It is a second object of the invention of the invention to provide a carrier substrate with microelectronic devices that each comprises a circuit of electric elements, and which are individually removable thereof. This object is achieved in that each device is provided with a handling substrate and is separated from the carrier substrate through an air gap in a released area, wherein the devices have been formed in a single batch and are mutually separated by separation lanes extending through said handling substrate, wherein the devices are attached to the carrier substrate with an adhesion layer of which a bridging portion is disposed adjacent to the air gap and which adhesion layer further extends on at least one of the handling substrate and the carrier substrate, such that an microelectronic device is individually removable from the carrier substrate by selective cleavage of the adhesion layer.
The use of an adhesion layer that extends into the electronic devices leads thereto that the weakest point in the adhesion layer is at or near the contact with the carrier substrate. As a result, the adhesion layer can be broken there with a remarkably low force. As a result, the device can be taken away from the carrier substrate mechanically, i.e. with a component placement machine.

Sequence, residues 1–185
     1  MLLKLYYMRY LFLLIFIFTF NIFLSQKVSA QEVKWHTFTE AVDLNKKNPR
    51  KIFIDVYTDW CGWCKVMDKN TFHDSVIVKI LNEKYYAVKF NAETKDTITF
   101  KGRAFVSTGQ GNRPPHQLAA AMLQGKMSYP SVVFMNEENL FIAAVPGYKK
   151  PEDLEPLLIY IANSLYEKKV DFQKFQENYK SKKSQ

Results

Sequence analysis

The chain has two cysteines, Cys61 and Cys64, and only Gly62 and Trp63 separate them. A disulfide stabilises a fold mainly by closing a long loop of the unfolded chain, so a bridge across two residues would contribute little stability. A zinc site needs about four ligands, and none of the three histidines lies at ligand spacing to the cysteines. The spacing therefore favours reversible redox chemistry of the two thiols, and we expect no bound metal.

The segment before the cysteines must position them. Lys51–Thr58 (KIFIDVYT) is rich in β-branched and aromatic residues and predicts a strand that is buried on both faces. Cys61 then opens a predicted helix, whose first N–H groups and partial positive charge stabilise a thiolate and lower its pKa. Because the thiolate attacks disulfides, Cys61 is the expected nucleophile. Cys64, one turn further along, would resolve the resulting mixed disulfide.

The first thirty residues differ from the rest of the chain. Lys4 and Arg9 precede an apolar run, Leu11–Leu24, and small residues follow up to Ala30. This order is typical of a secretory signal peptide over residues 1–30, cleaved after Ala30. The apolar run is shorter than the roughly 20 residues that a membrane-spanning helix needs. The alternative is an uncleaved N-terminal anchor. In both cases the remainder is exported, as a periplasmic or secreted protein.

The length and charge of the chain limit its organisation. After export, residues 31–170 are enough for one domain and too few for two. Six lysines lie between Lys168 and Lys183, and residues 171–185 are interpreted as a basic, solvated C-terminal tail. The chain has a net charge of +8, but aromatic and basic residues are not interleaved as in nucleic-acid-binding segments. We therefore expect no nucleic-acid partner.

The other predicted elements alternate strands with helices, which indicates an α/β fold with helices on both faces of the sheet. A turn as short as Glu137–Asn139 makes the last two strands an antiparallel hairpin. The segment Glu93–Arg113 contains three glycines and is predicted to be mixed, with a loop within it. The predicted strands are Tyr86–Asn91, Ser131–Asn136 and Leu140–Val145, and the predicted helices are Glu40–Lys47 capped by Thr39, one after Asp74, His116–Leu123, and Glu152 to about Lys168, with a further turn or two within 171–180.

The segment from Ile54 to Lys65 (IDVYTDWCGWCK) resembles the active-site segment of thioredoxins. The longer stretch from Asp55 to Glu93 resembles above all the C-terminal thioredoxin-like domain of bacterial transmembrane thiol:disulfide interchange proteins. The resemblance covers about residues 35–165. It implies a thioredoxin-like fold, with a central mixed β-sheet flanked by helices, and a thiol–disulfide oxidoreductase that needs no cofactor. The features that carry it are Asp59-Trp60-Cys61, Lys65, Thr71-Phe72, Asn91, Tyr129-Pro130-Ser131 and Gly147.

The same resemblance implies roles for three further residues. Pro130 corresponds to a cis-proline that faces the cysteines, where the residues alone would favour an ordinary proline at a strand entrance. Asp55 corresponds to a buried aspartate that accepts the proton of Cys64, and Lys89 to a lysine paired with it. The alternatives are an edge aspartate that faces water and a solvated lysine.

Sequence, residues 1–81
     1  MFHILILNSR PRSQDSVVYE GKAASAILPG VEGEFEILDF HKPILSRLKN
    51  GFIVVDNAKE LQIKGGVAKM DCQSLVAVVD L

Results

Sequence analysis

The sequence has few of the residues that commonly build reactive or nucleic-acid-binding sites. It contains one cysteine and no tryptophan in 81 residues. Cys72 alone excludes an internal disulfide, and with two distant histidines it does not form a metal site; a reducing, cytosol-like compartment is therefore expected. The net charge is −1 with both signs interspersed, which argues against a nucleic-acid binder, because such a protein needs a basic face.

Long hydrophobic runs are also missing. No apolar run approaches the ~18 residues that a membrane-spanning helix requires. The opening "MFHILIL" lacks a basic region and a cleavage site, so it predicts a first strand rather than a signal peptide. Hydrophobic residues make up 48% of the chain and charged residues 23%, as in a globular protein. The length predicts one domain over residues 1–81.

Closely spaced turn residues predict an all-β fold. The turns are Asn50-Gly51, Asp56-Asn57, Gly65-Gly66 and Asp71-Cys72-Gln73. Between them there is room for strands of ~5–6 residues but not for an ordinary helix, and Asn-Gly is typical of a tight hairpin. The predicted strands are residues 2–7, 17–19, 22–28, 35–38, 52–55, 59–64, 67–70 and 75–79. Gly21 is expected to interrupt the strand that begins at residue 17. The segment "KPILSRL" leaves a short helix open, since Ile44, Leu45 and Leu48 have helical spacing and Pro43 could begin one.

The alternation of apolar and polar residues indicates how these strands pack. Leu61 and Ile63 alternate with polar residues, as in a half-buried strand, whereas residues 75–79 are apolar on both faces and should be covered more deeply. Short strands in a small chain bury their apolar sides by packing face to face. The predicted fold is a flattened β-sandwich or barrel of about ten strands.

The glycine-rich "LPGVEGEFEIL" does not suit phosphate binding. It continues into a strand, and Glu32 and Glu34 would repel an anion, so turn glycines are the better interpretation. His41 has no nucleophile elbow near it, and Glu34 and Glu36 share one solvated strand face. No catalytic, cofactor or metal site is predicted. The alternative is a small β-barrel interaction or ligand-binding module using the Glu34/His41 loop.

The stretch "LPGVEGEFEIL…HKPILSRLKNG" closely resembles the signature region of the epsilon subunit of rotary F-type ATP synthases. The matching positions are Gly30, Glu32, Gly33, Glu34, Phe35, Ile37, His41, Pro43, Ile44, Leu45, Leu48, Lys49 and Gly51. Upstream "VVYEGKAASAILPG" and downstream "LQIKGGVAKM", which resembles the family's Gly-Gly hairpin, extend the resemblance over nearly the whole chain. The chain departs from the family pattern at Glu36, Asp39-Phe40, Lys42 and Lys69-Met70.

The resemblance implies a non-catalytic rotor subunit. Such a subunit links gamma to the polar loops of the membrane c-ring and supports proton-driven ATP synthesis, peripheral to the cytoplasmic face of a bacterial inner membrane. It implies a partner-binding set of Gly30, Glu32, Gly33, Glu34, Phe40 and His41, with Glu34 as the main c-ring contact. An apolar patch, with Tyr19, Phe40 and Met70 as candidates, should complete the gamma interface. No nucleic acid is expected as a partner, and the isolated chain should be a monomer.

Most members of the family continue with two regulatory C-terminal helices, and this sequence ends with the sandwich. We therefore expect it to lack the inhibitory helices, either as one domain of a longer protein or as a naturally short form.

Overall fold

Advantageously, the adhesion layer comprises a first portion attached to the microelectronic device, a second portion attached to the carrier substrate and the bridging portion between the first and the second portion and adjacent to the air gap, said bridging portion including an angle with the carrier substrate between 0 and 180°. With this construction the bridging portions protrude with respect to the substrate and form a reliable connection although based on very thin layers.
In a preferred modification hereof, an electronic device is attached to the carrier substrate at a number of attachment points. Preferably, use is made of at least three attachment points, and more preferably of four attachment points. This leads to a stable construction that can be transported without any problems. As will be understood, more than one electronic device can be attached to the carrier substrate at a single attachment point; i.e. a strip of the adhesion layer contacts the carrier substrate at the attachment point, which strip extends at its lateral ends into different electronic devices.